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April the Ninth
In Dissent, Number One Hundred and Two
by Brian S. Wise
11 April 2003

Dissenters have maintained a most unique view of the big picture, the sort that comes with an even more unique tunnel vision: whatever happens, it will most likely be bad; more, whatever has happened has definitely been bad.

By now you have probably read a dozen (or two) emotional recollections – and have watched more than a few hours of television coverage – on the grand spectacle that was the Hussein statue coming down in Baghdad two days ago.  And make no mistake as to the underlying significance of the event; it was one of those collective demands for freedom that warms the heart.  Freedom, it has been said, begins with the word no; those born with the highest liberty humanity has ever allowed should take great pleasure when a people discovers (or rediscovers) a liberty of its own, for so long denied by a force they could not overpower.
         
Yet, footage of the looting has by now taken the place of the statue footage.  There has come to exist a certain sideways glance when the footage is shown; it is as though some are passively suggesting that, in the first days of freedom, this is the best the Iraqis could manage.  Well, all right.  Let it be said that people should resist whatever temptations they may have to loot (or riot, or whatever).  But let it also be said that not everyone is looting (you would not have suggested all of Los Angeles looted for Rodney King), and that the initial targets (note: the initial targets) were regime owned apartments and office buildings (not illogical given the impact of the regime on the people), and not because the Lakers beat the Nets for the NBA championship.
 
Stud Rumsfeld the First referred to the continuing looting and unrest as … “untidiness.”  (“If you go from a repressive regime … in that transition period, there is untidiness.”)  The Stud is right as to the nature of the point, but looting, arson and shootings are more than merely untidy.  “We do feel an obligation to assist in providing security, and coalition forces are doing that.  Where [the troops] see looting, they are stopping it.”  Concluded the Secretary of Defense, “Stuff happens.”  Indeed.  In Mosul, that stuff included: 1) a marauding of the central bank, 2) three of Saddam General Hospital’s five ambulances were stolen, 3) all eight of Jumhuriya Hospital’s ambulances were taken at gunpoint, and 4) the Mosul University library was ransacked, disturbing what Al-Jazerra called “rare manuscripts.”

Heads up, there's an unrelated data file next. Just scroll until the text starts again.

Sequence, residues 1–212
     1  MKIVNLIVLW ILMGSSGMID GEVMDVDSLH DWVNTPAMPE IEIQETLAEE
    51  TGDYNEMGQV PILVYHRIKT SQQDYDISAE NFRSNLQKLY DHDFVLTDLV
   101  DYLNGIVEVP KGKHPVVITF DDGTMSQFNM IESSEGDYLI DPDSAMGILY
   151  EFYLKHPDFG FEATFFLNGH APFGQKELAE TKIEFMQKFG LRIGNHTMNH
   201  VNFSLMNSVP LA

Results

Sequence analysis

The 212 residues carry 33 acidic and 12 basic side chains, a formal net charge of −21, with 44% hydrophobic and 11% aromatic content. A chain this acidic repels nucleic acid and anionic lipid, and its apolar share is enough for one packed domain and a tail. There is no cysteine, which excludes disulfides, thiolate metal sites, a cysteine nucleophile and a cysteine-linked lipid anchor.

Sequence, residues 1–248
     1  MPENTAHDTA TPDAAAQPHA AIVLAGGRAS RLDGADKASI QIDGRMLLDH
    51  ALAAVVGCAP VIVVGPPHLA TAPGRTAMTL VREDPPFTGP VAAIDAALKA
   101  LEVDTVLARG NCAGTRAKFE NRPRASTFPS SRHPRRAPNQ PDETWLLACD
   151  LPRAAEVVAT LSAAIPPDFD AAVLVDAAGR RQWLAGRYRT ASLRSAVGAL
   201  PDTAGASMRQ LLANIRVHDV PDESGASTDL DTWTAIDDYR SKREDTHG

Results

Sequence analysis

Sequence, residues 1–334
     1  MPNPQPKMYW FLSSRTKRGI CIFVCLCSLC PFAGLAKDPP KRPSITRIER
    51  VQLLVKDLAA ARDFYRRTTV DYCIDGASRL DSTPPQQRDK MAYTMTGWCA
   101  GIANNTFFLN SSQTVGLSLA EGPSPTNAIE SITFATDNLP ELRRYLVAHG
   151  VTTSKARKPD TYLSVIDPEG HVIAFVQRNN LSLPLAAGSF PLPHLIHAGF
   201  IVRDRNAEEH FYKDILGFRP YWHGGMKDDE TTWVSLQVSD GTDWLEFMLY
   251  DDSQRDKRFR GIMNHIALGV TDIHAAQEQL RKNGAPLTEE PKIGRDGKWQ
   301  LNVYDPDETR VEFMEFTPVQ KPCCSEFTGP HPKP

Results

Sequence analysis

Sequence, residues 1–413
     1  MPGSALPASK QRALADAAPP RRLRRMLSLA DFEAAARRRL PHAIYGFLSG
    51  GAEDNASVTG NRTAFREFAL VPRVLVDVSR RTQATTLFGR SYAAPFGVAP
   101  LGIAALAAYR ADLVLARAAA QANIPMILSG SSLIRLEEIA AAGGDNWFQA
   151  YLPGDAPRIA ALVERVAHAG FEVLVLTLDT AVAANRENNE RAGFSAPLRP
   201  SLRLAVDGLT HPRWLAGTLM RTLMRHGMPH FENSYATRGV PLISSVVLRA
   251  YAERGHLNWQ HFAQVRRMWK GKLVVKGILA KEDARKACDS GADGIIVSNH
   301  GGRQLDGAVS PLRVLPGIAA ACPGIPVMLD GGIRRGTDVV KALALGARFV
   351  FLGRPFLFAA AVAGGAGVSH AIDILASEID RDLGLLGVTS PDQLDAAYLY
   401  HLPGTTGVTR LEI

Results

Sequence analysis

So anyway.  What is the best way to deal with the civil disobedience of a newly liberated people?  We have all seen the footage of this one female soldier trying to hold back several Iraqis from advancing on one target or the other, and that is probably the best way to end such uprisings.  One trusts (at least I do) that a steady, contained field of non-violent allied resistance will eventually convince our new looting / rioting / pyromaniac friends that enough is enough, with arrests from some sort of centralized police department taking care of the rest.  (Imprisonment for the newly freed?  If you must.  At least torture is no longer in the cards.)
 
Not surprisingly, Arab reaction to the fall of Baghdad on April the ninth was an odd combination of outrage and bewilderment.  The following cross section of Arab feedback was taken directly from the Thursday (April the tenth) edition of Special Report: An Al-Jazerra producer told Larry King (ugh) that she and her colleagues were very surprised to see Iraqis “receiving the Americans and British with smiles and flowers.”  Reuters quoted a Yemeni teacher who said, “I still cannot believe that the Americans entered Baghdad so easily.”  A history teacher in Egypt said he hears people asking why Hussein’s forces “crumbled like a biscuit.”  A shopkeeper in the West Bank asked, “Where is the Iraqi army?  Have they evaporated?”  A housewife in Syria broke down in tears and said the taking of Baghdad was “humiliating.”  A government employee in Cairo concluded, “Now no one believes Al-Jazerra anymore.”  You would expect that from a people whose culture literally has no definitions for words like “democracy,” “freedom” and “constitution,” let alone the ideas behind them.
 
But what is keeping such large sections if the American media from speaking at length on the joys experienced by the Iraqi people?  Objectivity?  Not exactly.  Peter Jennings managed to wonder aloud about a sculptor, whose job was to sculpt statues not unlike the one in Baghdad for all regime hire-ups, and who is now out of work.  Ted Koppel, was heard to have said the bringing down of the statue was just one of those “benign photogenic events that can dilute us into misunderstanding what lies ahead.”  What lies ahead?  He future may be daunting, but what about taking a moment to appreciate what has already been accomplished?  Never mind.
 
Dissenters have maintained a most unique view of the big picture, the sort that comes with an even more unique tunnel vision: whatever happens, it will most likely be bad; more, whatever has happened has definitely been bad.  Iraqis being allowed to take their first baby steps to independence is a towering success, a benefit to humanity, a first step in their enjoying the sort of sovereignty far too many of us have come to take for granted.


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